Those criticising the hikes that have so far taken place have also been unable to unravel the conundrum of falling output and rising prices, which clearly remains outside the ability of the Federal Reserve.

While many have said that until there is a slowdown in the number of new jobs being created, there is no answer to rising inflation. This may indeed be true, but the cause of the continued growth in the headline rate of inflation is centred on events outside both the country and the reach of the Central Bank.

There has been a significant fall in the level of gasoline (petrol) sales in the country.

The summer months usually see a significant increase in sales, since Americans want to vacation with the U.S and think nothing of ten or even twelve-hour journeys to their various resorts.

This year there appear to have been far more local breaks being taken as the forecourt price of a gallon of fuel has risen above five dollars.

President Biden has been under pressure to reduce the Federal tax that is levied on pump sales, but has not so far made any indication of his intentions.

The dollar index continues to correct, although it may now be reaching a level at which buyers may return.

Yesterday, it rose marginally to a high of 107.25, but was unable to sustain the rise and fell back to close at 107.04.

EUR – Lagarde facing a tough time at ECB meeting

President of the ECB Christine Lagarde will have woken this morning and known that the burden she has been carrying since early in the Pandemic is about to be either lifted or made considerably heavier.

Today, Lagarde will chair the latest meeting of the Central Bank’s committee that will agree on a hike in interest rates.

On the surface, a twenty-five-basis point hike which leaves official interest rates still in negative territory, or fifty basis points which brings the rate to zero is neither here nor there.

However, the inference of the first-rate increase in over a decade will be huge.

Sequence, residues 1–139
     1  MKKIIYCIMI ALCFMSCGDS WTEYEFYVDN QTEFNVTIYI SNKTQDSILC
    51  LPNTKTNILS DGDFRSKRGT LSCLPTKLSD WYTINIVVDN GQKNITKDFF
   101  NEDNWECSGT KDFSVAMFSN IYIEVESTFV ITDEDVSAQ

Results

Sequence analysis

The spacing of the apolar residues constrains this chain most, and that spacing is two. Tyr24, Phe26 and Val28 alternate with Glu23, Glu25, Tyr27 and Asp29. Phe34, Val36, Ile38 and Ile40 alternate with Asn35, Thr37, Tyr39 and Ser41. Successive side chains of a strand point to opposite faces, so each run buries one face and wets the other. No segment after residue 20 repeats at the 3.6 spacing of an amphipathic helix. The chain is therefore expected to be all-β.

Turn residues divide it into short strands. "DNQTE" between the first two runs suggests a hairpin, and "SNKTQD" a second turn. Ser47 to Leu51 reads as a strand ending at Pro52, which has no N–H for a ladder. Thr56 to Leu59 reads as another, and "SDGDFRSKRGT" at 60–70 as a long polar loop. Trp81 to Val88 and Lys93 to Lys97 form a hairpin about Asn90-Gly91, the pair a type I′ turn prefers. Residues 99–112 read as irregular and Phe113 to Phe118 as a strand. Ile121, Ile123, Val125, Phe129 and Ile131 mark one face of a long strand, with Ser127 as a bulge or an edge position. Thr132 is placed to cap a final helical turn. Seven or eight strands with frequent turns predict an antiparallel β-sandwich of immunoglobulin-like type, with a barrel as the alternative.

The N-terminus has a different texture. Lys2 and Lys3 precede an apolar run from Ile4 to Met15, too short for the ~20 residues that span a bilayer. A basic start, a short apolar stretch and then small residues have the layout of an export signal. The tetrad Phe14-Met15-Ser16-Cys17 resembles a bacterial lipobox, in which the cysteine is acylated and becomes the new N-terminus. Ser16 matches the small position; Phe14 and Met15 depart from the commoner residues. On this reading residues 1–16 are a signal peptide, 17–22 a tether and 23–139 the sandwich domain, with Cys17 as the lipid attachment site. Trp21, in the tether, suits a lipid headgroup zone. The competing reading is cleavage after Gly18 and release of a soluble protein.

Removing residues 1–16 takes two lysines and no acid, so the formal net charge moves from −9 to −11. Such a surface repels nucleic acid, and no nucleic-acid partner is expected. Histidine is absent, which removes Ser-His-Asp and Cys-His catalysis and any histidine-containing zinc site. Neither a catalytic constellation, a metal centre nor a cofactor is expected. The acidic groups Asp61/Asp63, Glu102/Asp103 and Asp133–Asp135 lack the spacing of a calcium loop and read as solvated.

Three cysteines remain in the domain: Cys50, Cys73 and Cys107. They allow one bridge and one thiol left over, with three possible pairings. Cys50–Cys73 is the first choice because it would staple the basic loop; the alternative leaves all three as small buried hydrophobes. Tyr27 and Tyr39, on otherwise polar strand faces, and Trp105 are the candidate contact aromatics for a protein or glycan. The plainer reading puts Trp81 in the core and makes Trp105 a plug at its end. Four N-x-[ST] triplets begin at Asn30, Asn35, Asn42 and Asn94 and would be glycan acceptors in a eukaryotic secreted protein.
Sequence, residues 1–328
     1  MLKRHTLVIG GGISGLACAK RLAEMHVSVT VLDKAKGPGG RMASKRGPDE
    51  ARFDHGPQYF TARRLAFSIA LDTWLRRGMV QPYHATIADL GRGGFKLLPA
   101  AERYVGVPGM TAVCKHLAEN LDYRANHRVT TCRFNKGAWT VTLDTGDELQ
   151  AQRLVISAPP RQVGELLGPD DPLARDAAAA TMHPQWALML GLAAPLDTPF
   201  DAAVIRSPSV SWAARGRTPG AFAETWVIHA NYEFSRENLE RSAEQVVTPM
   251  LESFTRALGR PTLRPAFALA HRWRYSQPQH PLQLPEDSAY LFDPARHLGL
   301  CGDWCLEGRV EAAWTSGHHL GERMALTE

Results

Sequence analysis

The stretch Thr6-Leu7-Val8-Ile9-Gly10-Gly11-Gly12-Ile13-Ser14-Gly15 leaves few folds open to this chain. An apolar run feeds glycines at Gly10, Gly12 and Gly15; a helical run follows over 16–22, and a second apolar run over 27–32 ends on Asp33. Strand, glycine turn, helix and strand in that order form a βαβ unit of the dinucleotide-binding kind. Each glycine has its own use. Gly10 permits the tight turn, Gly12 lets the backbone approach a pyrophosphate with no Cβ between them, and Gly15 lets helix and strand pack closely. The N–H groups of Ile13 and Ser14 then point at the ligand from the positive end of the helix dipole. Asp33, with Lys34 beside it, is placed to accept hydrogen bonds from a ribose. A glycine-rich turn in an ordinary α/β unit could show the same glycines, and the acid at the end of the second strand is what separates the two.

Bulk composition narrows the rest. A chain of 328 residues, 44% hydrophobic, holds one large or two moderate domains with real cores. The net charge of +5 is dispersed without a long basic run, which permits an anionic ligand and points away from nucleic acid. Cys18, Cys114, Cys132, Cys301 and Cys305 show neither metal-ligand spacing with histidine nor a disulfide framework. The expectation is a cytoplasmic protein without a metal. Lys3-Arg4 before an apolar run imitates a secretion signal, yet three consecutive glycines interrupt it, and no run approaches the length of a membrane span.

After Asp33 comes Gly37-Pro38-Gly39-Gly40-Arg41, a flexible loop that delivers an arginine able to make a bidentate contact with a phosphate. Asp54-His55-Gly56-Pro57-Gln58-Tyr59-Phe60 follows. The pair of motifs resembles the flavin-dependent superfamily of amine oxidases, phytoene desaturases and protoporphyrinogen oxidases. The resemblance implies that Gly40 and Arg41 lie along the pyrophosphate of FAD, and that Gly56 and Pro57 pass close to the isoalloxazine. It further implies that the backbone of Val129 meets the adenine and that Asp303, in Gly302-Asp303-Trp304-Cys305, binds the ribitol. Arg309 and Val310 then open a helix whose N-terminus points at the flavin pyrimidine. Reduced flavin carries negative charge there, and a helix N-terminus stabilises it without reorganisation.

If the hawks succeed in pushing through fifty points, it will provide a signal to the market that the ECB is serious about battling inflation, despite the much-discussed reasons for rising prices being largely out of its control.

Apparently, tools have been created that will help the more indebted nations should fifty points be agreed and the spread between their borrowing costs and those of Germany begin to widen.

This much vaunted weapon again relies on the acceptance of Germany and a few other wealthier nations of the fact that they will again find themselves guaranteeing bonds issued by Eurozone members who, in their opinion, do not have the financial discipline to manage their own economies.

In the 2012 crisis Germany extracted its pound of flesh from nations like Greece and Italy, and in the long-run, Angela Merkel’s decision has been successful, but Italy, in particular, has returned to its socialist ways of increasing pension and social security payments, as well as providing Covid-19 relief above what it can readily afford to do. This has increased its debt to GDP ratio significantly.

It is now around 140% currently, although that is lower than the 155.3 level seen in 2020. Budget deficits are now well above Brussels’ 3% limit not just in Italy but all the way along the Mediterranean coast.

Now is not the time for Brussels to reintroduce budgetary discipline, but if a repeat of 2012 is to be avoided, tools that are more effective will need to be seen.

The euro will be at the mercy of the ECB meeting today, but yesterday it managed to gain a little ground on the dollar. It rose to a high of 1.0273, but fell back to close almost unchanged at 1.0217.

Have a great day!
About Alan Hill

Alan has been involved in the FX market for more than 25 years and brings a wealth of experience to his content. His knowledge has been gained while trading through some of the most volatile periods of recent history. His commentary relies on an understanding of past events and how they will affect future market performance.”